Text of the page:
Chinese military ships spotted near Alaska’s Aleutian islands

Chinese Navy ships were spotted inside the U.S. exclusive economic zone of the Bering Sea by a cutter on a routine patrol late last week, the U.S. Coast Guard said on Wednesday.

The U.S. Coast Guard Cutter Kimball saw three ships about 124 miles north of the Amchitka Pass, a strait in the the Aleutian Islands, a remote archipelago that stretches 1,200 miles from the Alaska Peninsular.

The crew of a Coast Guard plane stationed on Kodiak Island saw a fourth Chinese ship 84 miles north of the Amukta Pass, which lies between the islands of Amutka and Seguam.

The Chinese ships were in international waters, but within the U.S. Exclusive Economic Zone, which stretches 200 nautical miles from the U.S. shoreline, the Coast Guard said in a statement.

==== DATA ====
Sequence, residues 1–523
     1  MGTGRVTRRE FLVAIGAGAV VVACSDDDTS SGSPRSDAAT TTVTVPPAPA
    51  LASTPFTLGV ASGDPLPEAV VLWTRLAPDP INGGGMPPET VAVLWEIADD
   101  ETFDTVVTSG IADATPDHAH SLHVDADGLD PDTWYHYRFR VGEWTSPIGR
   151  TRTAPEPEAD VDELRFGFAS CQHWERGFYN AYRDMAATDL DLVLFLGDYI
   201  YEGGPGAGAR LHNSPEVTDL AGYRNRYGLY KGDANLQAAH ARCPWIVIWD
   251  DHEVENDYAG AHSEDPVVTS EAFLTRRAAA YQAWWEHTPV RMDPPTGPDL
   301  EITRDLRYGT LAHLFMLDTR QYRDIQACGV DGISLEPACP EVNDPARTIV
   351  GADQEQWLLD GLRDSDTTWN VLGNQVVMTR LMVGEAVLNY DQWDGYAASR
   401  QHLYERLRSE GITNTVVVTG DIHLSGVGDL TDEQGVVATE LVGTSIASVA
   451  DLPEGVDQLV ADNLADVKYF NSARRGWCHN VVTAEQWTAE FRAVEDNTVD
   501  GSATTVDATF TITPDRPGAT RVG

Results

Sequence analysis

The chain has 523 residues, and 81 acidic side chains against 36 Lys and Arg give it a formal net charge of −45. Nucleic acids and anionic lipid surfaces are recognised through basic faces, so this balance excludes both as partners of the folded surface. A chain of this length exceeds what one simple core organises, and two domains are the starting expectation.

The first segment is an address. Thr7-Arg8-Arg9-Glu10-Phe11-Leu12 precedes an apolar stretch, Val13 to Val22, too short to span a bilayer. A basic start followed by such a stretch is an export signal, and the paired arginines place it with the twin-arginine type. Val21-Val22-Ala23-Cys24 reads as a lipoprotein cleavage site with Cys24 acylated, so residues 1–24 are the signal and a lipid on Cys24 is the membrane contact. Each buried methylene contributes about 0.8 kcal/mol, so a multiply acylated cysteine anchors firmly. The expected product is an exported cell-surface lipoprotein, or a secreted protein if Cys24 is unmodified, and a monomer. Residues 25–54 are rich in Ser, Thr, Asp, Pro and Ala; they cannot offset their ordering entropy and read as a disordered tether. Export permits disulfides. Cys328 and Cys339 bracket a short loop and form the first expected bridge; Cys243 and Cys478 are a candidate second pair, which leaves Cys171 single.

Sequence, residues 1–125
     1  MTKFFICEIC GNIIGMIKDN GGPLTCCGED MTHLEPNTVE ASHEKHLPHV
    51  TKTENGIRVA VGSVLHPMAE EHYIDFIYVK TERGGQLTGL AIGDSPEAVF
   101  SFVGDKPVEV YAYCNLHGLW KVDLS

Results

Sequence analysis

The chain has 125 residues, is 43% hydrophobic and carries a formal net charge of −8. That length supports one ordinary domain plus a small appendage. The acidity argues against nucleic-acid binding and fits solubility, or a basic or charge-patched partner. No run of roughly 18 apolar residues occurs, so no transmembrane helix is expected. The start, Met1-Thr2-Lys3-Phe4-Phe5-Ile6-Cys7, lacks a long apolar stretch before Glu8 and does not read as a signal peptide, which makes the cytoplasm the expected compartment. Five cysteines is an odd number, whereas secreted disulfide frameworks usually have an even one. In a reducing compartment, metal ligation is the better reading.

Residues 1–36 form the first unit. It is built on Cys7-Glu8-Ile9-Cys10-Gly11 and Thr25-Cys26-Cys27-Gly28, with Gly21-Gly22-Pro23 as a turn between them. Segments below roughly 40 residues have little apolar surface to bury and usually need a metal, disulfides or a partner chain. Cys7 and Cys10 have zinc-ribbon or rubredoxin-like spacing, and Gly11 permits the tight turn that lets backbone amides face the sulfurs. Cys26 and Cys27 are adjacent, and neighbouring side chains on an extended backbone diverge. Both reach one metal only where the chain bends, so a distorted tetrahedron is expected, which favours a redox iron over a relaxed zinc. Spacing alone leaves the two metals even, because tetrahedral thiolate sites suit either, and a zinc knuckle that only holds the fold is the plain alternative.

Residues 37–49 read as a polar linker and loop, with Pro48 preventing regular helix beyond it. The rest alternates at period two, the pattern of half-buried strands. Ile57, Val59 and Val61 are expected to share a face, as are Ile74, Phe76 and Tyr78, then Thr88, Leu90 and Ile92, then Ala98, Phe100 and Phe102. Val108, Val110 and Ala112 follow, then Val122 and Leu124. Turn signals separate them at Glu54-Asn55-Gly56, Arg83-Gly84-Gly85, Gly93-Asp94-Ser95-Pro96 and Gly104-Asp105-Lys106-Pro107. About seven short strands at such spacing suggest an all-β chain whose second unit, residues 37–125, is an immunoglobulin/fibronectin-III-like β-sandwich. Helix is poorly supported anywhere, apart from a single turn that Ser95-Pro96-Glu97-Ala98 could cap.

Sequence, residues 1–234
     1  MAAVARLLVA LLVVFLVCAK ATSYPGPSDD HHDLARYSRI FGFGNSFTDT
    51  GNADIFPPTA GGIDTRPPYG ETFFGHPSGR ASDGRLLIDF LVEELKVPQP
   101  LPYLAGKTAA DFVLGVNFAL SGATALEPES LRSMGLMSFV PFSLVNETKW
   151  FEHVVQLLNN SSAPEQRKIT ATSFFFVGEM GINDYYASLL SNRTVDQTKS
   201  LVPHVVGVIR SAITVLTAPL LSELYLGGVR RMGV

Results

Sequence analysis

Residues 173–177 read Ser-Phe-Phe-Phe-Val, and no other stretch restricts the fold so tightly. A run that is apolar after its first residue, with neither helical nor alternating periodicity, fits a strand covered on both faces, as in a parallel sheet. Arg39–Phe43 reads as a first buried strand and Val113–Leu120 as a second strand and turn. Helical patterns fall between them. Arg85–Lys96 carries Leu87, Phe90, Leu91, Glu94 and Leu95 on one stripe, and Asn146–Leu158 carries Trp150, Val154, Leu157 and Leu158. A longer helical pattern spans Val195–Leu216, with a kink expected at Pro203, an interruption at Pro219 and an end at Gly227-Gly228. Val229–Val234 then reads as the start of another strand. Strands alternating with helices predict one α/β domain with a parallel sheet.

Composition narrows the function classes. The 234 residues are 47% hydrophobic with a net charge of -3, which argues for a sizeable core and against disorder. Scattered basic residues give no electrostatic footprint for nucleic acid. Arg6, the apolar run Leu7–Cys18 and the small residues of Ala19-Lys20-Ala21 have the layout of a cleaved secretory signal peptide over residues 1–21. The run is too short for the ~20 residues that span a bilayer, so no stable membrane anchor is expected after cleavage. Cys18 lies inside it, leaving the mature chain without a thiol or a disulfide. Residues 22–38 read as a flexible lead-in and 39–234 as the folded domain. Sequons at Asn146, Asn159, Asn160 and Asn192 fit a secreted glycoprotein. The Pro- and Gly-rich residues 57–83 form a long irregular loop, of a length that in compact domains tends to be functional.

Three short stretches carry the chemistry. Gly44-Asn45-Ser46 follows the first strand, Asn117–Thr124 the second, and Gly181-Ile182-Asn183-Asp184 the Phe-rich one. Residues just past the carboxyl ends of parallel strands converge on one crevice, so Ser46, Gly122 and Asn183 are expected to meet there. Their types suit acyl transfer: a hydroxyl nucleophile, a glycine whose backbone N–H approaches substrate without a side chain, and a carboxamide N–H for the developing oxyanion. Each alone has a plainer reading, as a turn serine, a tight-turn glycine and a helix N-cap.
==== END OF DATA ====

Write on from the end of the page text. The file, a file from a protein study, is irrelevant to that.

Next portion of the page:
The Coast Guard said that both it and the U.S. Northern Command were “fully aware” of the Chinese ships’ progress.

“The Kimball patrolled under Operation Frontier Sentinel, a Coast Guard operation designed to meet presence with presence when strategic competitors operate in and around U.S. waters,” the statement said.

“The Chinese naval presence operated in accordance with international rules and norms,” said Rear Adm. Megan Dean, Seventeenth Coast Guard District commander. “We met presence with presence to ensure there were no disruptions to U.S. interests in the maritime environment around Alaska.”

The Chinese ships told the Coast Guard their mission was “freedom of navigation operations.” The Kimball monitored the ships until they went south into the North Pacific Ocean. The Kimball continues to monitor the area.

The Coast Guard said its cutters spotted Chinese military ships in the Bering Sea in 2021 and 2022.

China has yet to comment publicly on the U.S. Coast Guard’s statement.

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